And no, the ceremony wasn't in latin. Luton only got University status in 1993. But it is a Uni I am proud of and whose reputation I will swiftly defend if need be!

Here Comes the Rain (For a short while)

Well Saturday arrived, and with it, the rain in North Herts.
Well for the afternoon anyway. I was in a Cafe and a door was open and I could smell the rain before I even saw it! Now normally I hate rain in the summertime, but on Saturday I was more than happy to see it after seeing parched and wilted grass verges and lawns.
I had just finished work andwas checking e-mails, but taking adavntage of the change in weather, I opened my umbrella and went shopping in the European market that was in Letchworth town centre. Apparently this market goes around the country and visits Letchworth once a year.
So I felt a bit continental, going around, buying Croatian biscuits and a large German sausage for the evening meal and just having a stroll, whilst trying to juggle my bag, shopping, and umbrella, and trying to eat a sandwich I had just brought at the same time.
Oh for the simple pleasures! If only we had a bit more rain as well, although preferably not when I next meet up with Rose! ;)

Twenty Five years on and John Lennon still causes controversy

(Annie Liebovitz)
Adele at Take back the voice has mentioned about John Lennon's Imagine and how a church has banned his song!
I can see their point as the song is a bit of a secular hymn. I blogged about the song myself some months back.
Am just smiling at the fact that Lennon can still cause controversy some twenty-five years after he was cruelly taken from us. For my own opinion, I like the song and some of the ideals which are universal, but I do prefer "Grow Old With Me" as a hymn, which is from the Milk and Honey album.
As for favourite Lennon song with a good creed! Well I like the single version of Revolution

Sunday, July 23, 2006

Middle Class Snobbery

(Press Association)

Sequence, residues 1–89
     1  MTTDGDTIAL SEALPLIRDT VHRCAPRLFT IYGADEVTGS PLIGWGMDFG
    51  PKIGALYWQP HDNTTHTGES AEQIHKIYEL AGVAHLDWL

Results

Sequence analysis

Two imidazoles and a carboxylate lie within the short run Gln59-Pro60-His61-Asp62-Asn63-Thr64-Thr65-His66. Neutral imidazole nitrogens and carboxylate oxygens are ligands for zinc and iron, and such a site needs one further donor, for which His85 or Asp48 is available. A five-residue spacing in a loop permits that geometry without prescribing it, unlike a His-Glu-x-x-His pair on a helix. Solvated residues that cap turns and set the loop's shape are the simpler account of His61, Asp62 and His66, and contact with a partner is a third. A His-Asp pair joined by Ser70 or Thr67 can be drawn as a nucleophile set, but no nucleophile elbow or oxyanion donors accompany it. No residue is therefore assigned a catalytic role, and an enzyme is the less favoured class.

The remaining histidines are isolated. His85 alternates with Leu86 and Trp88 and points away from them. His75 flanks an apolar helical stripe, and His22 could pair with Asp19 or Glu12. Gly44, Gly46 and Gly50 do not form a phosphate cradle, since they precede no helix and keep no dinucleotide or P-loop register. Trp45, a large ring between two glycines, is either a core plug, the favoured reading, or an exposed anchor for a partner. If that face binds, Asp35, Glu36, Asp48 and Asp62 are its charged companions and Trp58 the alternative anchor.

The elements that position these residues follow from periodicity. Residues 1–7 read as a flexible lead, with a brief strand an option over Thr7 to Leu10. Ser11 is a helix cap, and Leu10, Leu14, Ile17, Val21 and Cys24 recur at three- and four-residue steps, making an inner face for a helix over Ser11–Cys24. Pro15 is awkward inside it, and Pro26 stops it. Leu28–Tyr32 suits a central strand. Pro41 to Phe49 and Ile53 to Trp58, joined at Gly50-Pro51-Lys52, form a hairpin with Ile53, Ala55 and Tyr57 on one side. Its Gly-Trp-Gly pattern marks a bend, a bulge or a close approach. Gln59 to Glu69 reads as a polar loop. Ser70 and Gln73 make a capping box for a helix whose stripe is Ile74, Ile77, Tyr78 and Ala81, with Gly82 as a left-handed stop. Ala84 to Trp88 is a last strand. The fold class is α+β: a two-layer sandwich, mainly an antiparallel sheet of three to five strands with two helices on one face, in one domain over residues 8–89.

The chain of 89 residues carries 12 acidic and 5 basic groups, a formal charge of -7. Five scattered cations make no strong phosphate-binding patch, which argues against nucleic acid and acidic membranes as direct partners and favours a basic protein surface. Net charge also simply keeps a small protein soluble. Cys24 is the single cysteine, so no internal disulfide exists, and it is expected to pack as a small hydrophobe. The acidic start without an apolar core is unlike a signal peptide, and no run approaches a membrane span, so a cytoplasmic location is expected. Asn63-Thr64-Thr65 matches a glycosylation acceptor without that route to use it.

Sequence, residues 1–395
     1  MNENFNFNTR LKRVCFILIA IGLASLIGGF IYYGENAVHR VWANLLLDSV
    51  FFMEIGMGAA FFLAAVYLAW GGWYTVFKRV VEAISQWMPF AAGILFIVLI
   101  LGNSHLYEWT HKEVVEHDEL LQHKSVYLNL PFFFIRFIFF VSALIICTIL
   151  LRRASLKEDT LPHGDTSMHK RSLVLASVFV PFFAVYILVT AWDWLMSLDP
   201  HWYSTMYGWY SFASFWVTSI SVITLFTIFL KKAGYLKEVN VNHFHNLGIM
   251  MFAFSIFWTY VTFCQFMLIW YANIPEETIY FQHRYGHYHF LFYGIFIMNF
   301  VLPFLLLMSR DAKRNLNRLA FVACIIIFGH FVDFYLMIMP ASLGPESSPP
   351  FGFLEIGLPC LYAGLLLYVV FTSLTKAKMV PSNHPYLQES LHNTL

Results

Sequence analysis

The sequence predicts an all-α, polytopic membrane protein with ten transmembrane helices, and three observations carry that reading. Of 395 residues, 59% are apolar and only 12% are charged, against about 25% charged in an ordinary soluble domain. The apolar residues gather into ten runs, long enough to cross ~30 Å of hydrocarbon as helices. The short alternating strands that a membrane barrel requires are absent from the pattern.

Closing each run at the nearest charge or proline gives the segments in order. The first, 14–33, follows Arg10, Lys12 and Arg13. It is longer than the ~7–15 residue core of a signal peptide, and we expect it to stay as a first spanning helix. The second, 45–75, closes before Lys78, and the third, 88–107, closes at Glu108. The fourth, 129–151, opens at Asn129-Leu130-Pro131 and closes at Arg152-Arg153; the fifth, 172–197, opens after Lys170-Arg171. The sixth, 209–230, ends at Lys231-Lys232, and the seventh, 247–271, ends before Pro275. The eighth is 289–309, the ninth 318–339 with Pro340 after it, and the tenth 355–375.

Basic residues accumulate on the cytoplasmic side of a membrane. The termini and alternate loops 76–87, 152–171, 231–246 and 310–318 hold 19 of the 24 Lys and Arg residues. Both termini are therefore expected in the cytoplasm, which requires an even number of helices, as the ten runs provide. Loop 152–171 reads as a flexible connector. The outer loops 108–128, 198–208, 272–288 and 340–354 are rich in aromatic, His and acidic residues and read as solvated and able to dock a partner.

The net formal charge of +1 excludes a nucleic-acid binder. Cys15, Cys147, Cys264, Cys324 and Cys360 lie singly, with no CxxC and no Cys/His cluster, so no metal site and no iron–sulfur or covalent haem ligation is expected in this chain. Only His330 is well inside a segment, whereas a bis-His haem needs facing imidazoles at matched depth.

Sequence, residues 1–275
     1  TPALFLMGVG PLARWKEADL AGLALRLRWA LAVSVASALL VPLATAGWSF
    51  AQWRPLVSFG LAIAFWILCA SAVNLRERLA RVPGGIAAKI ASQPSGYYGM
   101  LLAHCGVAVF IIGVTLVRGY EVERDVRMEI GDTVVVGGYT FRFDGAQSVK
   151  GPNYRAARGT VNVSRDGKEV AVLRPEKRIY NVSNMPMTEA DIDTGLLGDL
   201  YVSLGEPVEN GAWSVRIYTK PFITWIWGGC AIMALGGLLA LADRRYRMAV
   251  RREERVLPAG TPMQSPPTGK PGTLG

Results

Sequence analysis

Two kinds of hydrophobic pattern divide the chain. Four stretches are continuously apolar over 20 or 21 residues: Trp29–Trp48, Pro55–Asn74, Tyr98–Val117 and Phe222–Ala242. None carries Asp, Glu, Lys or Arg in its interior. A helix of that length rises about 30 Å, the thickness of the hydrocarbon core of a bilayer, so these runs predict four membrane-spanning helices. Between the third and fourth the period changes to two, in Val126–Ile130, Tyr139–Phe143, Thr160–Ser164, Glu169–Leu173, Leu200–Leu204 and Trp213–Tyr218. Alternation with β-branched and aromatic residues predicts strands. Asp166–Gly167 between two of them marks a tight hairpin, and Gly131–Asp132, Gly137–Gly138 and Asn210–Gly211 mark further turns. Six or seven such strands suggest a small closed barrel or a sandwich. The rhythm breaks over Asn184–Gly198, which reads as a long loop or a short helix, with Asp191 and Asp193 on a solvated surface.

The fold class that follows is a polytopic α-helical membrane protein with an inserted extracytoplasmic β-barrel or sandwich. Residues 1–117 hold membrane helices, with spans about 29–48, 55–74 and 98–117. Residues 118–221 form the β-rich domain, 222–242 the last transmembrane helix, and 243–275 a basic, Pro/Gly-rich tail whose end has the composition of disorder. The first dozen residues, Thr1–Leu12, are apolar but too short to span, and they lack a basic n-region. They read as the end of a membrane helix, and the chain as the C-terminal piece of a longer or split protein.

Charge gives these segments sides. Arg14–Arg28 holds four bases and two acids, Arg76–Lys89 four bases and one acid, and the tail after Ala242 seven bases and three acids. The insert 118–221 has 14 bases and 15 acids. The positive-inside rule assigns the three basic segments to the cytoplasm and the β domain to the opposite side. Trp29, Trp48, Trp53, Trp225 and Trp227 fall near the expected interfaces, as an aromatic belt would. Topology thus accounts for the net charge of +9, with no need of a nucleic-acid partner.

Okay, this is going to be something of a wee rant, because it's an issue that has been playing in the back of my mind for a while now.
Put basically, has the UK, as a cultural nation, changed with regards to social classes and some of the accompanying snobbery!
I used to think we have changed, that we were more of a meritocracy, and in many cases that is true. Two of our postwar Prime Ministers' did not go to University, let alone Oxford, and came from lower middle class backgrounds and worked to get to where they ended up. (Some would point out that Churchill also failed to go to University, but he was the grandson of a Duke and went to Sandhurst and, as admiring of him as I am, he got to where he was on social background as well as ability).
But recently I have been wondering about how we perceive our social enviroment.
It all started for me when I had a chat about a potential job at the House of Lords some five years ago. It was before I joined the Labour Party and it would have meant working for a crossbench peer. The chap was so plummy voiced I felt like doffing an imaginary cap, even though he was friendly and considerate. And there was me thinking I could deal with anyone and everyone!
A very recent personal experience was when someone came to the newspaper kiosk where I work and asked for a Daily Telegraph. I explained we had sold out, to which her opening response was "I would not dream of coming here...", something I found slightly offensive and I hope I misunderstood.